V-shaped deceleration differs in the pattern of carotid blood flow from variable deceleration provoked by cord compression

Tomoharu Yasui, Yoshitaka Kimura, Jun Murotsuki, Takanori Watanabe, Takahiro Koshino, Kunihiro Okamura

Research output: Contribution to journalArticlepeer-review

Abstract

Objective: To investigate whether V-shaped decelerations in fetal heart rate tracing are a physiologic response to fetal movements or secondary to cord compression. Study design: Six pregnant sheep and their fetuses (115-125 days of gestation) were surgically instrumented and studied. Fetal electrocardiogram, carotid blood flow, arterial blood pressure and fetal movement were continuously monitored for 24 hours. Following the undisturbed 24 hour recording, these parameters were monitored during umbilical cord compression (n = 6). Differences in these parameters between V-shaped decelerations and decelerations provoked by cord compressions were examined. Results: Elevation of blood pressure and decreased carotid blood flow were observed coincidentally with the initiation of V-shaped decelerations. In cord compression, elevation of both blood pressure and carotid blood flow were followed by a decreased heart rate. V-shaped decelerations exhibited a different alteration of carotid blood flow compared to decelerations caused by umbilical cord compression. Conclusion: V-shaped deceleration is a physiologic response secondary mainly to fetal movements and is not caused by cord compression.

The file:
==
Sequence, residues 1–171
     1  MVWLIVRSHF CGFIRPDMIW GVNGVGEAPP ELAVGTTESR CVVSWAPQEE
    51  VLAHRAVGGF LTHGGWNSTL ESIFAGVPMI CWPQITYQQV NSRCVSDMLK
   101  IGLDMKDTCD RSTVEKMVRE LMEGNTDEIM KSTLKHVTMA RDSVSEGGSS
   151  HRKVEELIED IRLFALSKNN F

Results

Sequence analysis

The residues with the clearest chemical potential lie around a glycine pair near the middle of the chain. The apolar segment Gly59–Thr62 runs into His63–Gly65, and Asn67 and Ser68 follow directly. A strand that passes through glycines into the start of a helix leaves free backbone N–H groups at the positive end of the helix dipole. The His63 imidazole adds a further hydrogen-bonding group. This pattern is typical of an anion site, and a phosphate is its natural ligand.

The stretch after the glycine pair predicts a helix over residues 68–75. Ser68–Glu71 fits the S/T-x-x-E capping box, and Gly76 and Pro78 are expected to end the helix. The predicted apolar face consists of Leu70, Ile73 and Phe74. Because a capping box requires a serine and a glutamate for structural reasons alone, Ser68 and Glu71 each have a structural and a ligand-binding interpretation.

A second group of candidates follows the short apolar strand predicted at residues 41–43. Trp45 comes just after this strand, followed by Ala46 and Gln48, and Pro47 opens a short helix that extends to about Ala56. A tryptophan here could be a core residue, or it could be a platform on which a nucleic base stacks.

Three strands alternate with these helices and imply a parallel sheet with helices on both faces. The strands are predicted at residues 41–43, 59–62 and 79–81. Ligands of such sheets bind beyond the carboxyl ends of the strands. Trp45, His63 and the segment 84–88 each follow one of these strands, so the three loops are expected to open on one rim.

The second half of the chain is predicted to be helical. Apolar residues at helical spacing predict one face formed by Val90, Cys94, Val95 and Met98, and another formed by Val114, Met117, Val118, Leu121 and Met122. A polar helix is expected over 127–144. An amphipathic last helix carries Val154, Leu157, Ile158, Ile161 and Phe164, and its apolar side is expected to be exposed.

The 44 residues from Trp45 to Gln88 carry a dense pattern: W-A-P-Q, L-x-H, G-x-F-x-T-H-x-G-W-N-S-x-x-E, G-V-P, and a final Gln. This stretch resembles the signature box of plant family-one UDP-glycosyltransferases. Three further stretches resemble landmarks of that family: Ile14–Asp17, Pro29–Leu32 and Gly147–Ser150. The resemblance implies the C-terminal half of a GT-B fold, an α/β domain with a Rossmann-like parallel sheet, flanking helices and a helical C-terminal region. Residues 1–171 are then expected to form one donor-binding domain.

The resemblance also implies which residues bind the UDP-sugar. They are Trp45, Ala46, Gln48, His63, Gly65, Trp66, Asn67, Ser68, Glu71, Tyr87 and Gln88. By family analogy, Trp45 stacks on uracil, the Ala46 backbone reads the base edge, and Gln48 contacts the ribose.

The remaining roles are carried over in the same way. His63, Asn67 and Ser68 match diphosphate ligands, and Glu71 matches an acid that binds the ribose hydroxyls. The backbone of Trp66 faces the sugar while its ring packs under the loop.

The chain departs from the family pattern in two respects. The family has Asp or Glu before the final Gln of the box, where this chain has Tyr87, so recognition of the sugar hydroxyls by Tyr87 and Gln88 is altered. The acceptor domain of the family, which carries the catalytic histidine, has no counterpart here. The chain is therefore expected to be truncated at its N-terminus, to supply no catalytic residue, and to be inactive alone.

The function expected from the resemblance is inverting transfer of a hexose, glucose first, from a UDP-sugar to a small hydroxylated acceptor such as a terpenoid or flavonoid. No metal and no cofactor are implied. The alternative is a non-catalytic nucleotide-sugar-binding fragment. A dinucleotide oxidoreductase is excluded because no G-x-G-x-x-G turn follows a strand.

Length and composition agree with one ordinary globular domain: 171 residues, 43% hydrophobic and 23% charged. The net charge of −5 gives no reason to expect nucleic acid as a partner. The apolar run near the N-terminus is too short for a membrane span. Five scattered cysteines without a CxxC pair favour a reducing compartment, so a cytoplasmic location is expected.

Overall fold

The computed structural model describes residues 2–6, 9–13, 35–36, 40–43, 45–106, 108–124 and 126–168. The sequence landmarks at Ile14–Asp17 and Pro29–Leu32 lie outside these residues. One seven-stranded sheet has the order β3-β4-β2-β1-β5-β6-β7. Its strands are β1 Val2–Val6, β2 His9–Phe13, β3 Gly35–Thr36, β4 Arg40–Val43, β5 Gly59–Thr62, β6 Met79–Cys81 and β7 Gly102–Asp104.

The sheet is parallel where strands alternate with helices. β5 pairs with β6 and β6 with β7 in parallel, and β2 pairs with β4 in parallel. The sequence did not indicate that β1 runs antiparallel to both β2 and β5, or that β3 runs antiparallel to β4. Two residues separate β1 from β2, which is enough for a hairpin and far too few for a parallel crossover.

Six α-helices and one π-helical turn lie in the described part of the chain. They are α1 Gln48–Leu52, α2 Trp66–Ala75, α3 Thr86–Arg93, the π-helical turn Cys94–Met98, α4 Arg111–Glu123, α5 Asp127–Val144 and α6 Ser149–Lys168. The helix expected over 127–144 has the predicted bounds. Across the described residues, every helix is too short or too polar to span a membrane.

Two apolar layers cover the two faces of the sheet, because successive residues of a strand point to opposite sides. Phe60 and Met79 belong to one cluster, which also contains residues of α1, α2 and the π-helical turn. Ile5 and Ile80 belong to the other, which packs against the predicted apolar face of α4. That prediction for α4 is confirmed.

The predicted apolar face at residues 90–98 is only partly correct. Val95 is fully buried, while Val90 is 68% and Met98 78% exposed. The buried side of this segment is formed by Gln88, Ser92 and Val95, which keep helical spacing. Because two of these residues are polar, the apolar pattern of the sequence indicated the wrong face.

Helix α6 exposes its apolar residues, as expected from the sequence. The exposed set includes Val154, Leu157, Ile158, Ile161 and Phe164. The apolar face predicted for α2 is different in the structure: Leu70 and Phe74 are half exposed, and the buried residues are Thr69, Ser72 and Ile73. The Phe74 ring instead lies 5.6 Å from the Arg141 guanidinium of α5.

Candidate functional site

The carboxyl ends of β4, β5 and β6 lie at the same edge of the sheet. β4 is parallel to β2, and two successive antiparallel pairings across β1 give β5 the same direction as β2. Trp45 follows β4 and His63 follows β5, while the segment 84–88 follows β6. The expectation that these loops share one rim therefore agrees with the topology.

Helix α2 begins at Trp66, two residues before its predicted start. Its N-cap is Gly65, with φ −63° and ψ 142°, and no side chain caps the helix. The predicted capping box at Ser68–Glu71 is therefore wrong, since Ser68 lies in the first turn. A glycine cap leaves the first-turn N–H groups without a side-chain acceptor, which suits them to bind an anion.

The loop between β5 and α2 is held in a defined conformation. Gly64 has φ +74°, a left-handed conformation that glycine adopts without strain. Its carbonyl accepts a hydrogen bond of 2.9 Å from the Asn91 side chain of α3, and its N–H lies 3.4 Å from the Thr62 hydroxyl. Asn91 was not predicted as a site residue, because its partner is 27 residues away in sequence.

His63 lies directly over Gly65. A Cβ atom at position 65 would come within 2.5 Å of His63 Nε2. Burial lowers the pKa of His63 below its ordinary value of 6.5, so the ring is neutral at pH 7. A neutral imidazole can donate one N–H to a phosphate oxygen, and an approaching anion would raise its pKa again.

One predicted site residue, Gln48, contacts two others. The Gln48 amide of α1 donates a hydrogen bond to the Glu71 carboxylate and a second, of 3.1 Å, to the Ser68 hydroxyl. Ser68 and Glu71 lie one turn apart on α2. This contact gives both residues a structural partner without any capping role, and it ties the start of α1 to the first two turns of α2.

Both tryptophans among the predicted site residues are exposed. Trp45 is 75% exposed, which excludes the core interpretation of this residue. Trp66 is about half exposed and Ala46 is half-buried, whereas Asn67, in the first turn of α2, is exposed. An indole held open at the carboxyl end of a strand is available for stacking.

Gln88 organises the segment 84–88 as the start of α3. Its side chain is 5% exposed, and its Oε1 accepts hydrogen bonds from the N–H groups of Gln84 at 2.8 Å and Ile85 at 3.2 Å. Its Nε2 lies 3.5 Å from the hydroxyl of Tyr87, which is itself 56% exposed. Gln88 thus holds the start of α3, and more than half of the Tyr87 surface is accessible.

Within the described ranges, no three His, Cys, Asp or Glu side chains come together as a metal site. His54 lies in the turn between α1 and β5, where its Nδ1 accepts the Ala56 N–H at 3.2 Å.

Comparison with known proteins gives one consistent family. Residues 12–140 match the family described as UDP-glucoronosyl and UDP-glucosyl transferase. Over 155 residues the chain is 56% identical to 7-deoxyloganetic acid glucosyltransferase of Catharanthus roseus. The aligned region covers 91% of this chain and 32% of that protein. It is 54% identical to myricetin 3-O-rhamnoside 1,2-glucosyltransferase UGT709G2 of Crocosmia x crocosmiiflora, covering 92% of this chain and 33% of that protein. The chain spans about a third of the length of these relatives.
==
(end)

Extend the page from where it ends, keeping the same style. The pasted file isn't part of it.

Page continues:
Original languageEnglish
Pages (from-to)257-264
Number of pages8
JournalJournal of Perinatal Medicine
Volume30
Issue number3
DOIs
Publication statusPublished - 2002

Keywords

  • Carotid artery blood flow
  • Fetal heart rate monitoring
  • V-shaped deceleration
  • Variable deceleration

ASJC Scopus subject areas

  • Pediatrics, Perinatology, and Child Health
  • Obstetrics and Gynaecology

Fingerprint Dive into the research topics of 'V-shaped deceleration differs in the pattern of carotid blood flow from variable deceleration provoked by cord compression'. Together they form a unique fingerprint.

Cite this